39. Ninety-nine Things Right
Philip Cornelius came to Iowa City one year to give a lecture on a joint California/Japan ceramics show at the University Art Museum and got roped into giving a workshop for the Ceramics Department. For those of you unfamiliar with his pots, he works with meticulous delicacy to build vessels out of paper thin slabs of porcelain. He, himself, describes it as, “brain surgery.”
Among the many things I wrote down in my journal while observing his working methods and listening to him speak, the most memorable addresses the issue of error in art. His point, and he stressed it most forcefully, was that artists should not expect or require their audiences to overlook physical flaws in their work, no matter how small those flaws might be.
There may be a hundred different aspects to a work of art and you may well have done ninety-nine of those things well, but the one error, whatever it is, will inevitably clash with the overall composition and ruin the piece.
For graduate students struggling from one partial success to the next, this was not good news. Virtually any object we made had some aspect worthy of apology and as such, must be scored a failure in this man’s eyes. Was it even possible to achieve his standard of quality? Clearly it was important to try, and to not delude ourselves about the room for improvement in the objects we were making.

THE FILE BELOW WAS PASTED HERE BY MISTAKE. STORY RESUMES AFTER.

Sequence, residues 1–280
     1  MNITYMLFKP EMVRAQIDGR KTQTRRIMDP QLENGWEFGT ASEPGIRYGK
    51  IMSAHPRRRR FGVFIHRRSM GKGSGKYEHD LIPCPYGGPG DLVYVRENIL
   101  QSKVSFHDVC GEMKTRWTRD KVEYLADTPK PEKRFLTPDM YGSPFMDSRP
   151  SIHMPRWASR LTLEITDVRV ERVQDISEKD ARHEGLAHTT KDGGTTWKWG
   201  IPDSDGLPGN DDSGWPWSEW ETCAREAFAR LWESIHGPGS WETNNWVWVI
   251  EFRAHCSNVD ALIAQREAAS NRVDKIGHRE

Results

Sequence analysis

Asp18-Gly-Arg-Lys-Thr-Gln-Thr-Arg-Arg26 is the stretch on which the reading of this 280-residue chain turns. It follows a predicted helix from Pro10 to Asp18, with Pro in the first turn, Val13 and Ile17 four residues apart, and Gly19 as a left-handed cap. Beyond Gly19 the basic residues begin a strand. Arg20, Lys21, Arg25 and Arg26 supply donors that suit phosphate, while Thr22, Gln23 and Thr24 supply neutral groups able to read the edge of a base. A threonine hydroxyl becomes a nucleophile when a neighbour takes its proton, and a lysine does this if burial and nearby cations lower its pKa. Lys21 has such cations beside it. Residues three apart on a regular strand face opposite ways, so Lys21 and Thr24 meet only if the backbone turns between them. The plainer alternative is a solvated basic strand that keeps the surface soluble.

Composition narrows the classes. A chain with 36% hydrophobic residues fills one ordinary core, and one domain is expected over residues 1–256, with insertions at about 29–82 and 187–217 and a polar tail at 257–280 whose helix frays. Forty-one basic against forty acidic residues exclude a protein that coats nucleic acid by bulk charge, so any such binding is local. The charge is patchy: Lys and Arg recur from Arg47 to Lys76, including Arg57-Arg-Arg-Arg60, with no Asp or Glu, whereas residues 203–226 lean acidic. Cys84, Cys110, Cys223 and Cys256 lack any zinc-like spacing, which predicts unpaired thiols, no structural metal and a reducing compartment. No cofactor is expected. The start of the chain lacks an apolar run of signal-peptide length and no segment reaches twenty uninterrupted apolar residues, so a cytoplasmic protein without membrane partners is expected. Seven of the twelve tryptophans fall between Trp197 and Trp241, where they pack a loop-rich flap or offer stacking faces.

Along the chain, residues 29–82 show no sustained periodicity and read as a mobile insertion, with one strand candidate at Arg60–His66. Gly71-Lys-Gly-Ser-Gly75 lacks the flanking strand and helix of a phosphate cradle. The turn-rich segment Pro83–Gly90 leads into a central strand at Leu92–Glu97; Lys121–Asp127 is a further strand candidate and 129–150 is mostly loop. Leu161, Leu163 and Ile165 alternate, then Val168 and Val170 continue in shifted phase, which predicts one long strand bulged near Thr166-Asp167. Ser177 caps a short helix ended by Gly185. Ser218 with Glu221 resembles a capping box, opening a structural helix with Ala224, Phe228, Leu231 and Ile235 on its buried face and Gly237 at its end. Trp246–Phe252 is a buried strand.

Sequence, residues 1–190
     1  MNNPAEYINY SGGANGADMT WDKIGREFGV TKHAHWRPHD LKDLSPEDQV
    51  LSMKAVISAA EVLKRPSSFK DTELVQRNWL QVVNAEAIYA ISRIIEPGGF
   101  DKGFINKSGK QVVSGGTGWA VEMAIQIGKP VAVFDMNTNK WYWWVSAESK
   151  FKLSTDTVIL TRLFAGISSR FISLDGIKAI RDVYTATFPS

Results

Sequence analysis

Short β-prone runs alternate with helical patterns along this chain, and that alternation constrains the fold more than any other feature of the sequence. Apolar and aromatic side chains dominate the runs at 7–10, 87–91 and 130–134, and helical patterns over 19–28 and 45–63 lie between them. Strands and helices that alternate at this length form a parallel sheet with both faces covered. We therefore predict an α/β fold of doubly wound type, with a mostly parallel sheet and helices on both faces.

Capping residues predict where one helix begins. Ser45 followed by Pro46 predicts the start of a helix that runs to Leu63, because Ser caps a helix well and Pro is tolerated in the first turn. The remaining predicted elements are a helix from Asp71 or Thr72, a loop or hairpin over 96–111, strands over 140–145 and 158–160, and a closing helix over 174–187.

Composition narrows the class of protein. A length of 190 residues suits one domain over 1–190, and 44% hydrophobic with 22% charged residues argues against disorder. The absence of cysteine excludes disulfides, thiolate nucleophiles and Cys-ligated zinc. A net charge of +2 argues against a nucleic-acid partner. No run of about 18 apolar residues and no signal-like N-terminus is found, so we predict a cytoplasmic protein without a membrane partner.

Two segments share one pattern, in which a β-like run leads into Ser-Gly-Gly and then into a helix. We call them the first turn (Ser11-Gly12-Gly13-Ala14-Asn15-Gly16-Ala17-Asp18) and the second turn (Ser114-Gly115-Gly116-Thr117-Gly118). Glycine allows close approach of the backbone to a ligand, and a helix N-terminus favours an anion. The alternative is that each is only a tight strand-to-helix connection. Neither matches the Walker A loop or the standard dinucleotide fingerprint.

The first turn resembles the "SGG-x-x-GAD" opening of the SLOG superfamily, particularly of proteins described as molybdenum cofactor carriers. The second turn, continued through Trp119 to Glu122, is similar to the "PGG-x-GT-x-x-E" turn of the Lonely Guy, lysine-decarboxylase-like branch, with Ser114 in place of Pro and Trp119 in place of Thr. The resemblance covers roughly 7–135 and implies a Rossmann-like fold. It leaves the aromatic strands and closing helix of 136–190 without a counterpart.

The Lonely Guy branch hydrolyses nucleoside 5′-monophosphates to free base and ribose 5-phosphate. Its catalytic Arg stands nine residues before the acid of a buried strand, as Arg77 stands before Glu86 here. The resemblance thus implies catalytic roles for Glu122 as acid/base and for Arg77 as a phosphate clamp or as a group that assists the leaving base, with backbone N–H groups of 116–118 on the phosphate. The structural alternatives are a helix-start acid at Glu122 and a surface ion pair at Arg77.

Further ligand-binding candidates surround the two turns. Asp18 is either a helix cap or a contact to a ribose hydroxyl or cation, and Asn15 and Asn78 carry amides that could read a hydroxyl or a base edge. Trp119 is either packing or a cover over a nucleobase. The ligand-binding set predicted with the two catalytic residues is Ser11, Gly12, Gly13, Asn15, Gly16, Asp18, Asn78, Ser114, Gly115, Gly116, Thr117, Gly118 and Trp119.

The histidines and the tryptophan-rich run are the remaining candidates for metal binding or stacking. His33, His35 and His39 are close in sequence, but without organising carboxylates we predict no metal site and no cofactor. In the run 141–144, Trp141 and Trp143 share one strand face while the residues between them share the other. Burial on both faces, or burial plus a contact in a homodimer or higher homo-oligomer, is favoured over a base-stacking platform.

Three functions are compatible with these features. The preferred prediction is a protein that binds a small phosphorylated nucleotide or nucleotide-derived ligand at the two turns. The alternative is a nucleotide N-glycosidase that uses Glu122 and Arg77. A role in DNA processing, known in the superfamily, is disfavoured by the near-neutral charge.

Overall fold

Details do matter. A single typo can spoil the effectiveness of a good resume or job application. A rough spot on the bottom of a mug can ruin the finish of a wonderful tabletop. A teapot with a cramped handle will scorch your fingers. Notice these things.
In defense of his humanity, Professor Cornelius later showed us slides of flawed pots that had somehow not been ruined by their flaws. Pots in which the unplanned for, the unintended, and the just plain wrong had created some new intriguing aesthetic neither jarring nor distasteful. He admitted that it can happen. But you must know that is it is wrong to expect it to happen.
Your audience, particularly the trained members of your audience, will notice everything about your work. Everything. They can not help it. Flaws are not by nature secretive. See what they see and don’t kid yourself about what’s important. Find solutions. Improve your work.
My armor is languishing in the basement, desperately needing cleaning and polishing. I haven't worn it for several years and yet this blog sticks to me. I ...
1 year ago